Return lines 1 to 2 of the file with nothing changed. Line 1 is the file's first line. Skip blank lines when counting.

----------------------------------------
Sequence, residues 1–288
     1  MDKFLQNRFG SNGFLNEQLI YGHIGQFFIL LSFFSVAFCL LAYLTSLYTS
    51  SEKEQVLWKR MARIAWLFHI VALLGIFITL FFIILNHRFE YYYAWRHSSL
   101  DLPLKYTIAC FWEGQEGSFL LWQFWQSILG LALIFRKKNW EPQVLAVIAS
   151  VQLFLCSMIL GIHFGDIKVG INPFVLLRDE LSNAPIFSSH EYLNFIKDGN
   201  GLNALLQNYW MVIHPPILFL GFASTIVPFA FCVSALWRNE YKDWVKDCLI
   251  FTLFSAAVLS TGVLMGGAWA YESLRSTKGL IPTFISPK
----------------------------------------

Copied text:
Sequence, residues 1–288
     1  MDKFLQNRFG SNGFLNEQLI YGHIGQFFIL LSFFSVAFCL LAYLTSLYTS